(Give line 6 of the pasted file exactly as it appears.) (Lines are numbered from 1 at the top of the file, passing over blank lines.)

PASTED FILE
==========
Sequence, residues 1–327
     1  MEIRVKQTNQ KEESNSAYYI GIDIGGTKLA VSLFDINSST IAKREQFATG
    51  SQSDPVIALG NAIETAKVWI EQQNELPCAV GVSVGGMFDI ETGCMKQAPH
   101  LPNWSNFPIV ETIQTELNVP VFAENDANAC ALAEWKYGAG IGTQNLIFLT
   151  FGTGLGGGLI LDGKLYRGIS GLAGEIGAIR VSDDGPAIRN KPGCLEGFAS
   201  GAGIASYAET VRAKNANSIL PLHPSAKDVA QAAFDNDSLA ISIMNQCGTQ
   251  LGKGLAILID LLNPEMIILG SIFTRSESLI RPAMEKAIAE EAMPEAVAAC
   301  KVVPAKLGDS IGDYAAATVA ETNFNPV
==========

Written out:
   201  GAGIASYAET VRAKNANSIL PLHPSAKDVA QAAFDNDSLA ISIMNQCGTQ